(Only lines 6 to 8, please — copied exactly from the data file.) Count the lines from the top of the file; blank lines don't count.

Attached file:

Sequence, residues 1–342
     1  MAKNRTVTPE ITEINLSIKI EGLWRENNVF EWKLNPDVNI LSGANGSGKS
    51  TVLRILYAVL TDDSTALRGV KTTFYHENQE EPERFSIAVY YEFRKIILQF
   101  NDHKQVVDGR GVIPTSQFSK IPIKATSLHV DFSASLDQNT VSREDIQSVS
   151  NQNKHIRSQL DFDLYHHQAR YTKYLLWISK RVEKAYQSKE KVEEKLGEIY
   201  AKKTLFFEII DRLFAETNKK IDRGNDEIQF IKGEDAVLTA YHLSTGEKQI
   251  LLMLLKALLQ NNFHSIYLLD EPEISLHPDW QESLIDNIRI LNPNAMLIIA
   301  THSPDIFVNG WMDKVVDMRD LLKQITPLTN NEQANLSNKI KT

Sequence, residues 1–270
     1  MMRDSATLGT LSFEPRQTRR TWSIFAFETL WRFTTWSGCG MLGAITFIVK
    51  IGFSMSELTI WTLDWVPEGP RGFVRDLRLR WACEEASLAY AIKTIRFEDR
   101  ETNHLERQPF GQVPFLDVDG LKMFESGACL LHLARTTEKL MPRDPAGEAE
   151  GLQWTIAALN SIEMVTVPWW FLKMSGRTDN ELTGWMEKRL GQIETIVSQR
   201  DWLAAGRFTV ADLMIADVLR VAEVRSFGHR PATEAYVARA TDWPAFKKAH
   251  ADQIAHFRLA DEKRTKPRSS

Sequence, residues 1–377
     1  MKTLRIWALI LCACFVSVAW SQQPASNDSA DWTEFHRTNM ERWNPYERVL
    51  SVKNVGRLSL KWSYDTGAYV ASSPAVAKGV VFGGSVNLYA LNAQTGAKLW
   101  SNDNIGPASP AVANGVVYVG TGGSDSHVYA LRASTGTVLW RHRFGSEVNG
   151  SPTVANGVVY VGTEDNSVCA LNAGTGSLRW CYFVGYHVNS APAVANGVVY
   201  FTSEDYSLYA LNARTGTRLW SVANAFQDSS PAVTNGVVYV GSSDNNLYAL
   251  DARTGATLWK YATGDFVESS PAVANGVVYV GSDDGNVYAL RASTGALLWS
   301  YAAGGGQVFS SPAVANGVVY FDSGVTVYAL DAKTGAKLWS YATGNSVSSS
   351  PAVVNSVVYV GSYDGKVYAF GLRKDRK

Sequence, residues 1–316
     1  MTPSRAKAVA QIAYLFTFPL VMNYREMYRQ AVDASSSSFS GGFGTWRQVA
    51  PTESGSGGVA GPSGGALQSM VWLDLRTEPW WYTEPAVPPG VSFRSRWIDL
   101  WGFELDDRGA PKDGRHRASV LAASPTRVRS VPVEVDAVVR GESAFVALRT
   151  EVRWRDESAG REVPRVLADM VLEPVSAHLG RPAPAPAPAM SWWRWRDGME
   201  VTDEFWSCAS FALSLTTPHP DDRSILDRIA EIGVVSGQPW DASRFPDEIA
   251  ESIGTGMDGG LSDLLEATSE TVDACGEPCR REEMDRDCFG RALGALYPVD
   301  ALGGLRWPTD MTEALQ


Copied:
   201  AKKTLFFEII DRLFAETNKK IDRGNDEIQF IKGEDAVLTA YHLSTGEKQI
   251  LLMLLKALLQ NNFHSIYLLD EPEISLHPDW QESLIDNIRI LNPNAMLIIA
   301  THSPDIFVNG WMDKVVDMRD LLKQITPLTN NEQANLSNKI KT